Several security firms have come forward today with evidence that shows links connecting the Bad Rabbit ransomware outbreak that happened yesterday with the NotPetya ransomware outbreak that took place at the end of June, this year.
Most of the reports focused on the vast similarities between the Bad Rabbit and NotPetya source code.
Companies like Bitdefender, Cisco Talos, ESET, Group IB, Intezer Labs, Kaspersky Lab, and Malwarebytes, along with security researcher Bart Parys, have published reports on the connections between these two strains.
"[Bad Rabbit] appears to have some similarities to [NotPetya] in that it is also based on Petya ransomware," Cisco experts explain in their report. "Major portions of the code appear to have been rewritten," researchers add, reflecting similar conclusions in other reports.
Previously, in June, ESET tied the NotPetya ransomware campaign to a cyber-espionage group named TeleBots, previously known for attacking Ukraine's power grid in December 2015 and December 2016.
The group behind has been active since 2007 and is tracked under different names, such as Sandworm, BlackEnergy, and most recently as TeleBots, while other lesser known names include Electrum, TEMP.Noble, and Quedagh.
TeleBots is known to infosec specialists to target Ukraine, and many suspect the group operates out of Russia and is under the control of Russian authorities because hackers refocused operations to Ukrainian targets right after Russia invaded the Crimean Peninsula, a former Ukrainian territory.
TeleBots' obsession with Ukraine came forward in June, when the NotPetya ransomware infected mostly Ukrainian users, between 60% and 70% of all infections.
Things were very different for the Bad Rabbit outbreak, as most victims were located in Russia (~70%), but while Russia suffered more infections, most of the high-value targets were in Ukraine, with infections reported in airports, metro systems, and government agencies.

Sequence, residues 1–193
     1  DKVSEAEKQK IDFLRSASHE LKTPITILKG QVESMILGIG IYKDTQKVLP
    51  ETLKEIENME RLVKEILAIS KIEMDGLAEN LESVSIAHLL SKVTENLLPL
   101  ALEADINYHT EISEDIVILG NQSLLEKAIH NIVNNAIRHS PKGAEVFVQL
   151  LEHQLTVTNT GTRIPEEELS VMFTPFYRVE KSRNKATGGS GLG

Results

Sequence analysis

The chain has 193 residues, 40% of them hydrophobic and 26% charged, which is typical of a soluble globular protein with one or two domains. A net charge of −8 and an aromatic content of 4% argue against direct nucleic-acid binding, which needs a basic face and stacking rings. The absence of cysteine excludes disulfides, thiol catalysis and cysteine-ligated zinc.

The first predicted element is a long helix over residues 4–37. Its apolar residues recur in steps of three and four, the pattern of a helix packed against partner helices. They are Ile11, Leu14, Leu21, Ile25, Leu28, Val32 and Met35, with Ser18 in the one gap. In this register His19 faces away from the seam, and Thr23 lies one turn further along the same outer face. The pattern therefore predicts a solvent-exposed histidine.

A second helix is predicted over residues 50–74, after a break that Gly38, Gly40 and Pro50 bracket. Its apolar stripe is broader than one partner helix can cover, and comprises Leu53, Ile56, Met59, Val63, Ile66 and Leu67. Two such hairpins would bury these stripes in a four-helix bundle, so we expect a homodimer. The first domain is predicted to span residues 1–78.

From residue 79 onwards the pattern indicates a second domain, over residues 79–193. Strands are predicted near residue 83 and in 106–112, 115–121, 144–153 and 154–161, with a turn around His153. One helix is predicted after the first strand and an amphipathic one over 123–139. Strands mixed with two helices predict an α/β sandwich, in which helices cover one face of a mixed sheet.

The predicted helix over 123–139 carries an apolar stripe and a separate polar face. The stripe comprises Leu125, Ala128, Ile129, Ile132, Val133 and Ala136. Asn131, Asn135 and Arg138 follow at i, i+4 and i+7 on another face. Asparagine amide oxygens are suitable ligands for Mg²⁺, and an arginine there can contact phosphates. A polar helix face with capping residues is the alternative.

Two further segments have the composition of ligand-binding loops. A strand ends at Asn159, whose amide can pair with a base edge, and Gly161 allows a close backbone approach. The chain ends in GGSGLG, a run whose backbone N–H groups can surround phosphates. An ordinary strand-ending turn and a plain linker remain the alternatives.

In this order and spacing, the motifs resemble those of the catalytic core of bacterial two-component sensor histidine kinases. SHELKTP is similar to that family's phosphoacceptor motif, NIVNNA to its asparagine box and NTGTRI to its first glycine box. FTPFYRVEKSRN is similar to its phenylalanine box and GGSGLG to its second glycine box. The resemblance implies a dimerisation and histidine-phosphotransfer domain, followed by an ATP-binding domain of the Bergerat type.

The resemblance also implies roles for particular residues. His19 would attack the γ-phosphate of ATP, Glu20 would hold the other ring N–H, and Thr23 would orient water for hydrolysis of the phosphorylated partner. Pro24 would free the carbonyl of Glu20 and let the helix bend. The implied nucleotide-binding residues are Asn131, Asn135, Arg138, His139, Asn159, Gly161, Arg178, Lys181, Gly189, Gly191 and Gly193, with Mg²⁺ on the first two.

Besides reports that focused on Bad Rabbit's source code, there were also reports that focused on the infrastructure behind the attacks.
According to experts from RiskIQ and Kaspersky Lab, hackers took months to hack into websites and host the malicious scripts needed to push out fake Flash Player updates that helped spread the ransomware initially, before Bad Rabbit's lateral network movement module kicked in.
Only a state-nation-backed group like TeleBots could afford to waste three to four months in building infrastructure for a ransomware outbreak.
Moreover, according to RiskIQ, some websites were compromised as far back as 2016, suggesting they were part of a different operation altogether.
This is why some experts are now looking at the theory that the ransomware outbreak was actually a cover to mask other more sinister attacks.
Experts argue that while investigators were focused on getting to the bottom of the ransomware infection, TeleBots could be quietly siphoning off data from sensitive targets. In addition, TeleBots could have also deployed the ransomware as a way to destroy evidence of previous undetected intrusions.
Deploying ransomware as a cover was a novel concept last year, but one that has become a reality in the meantime.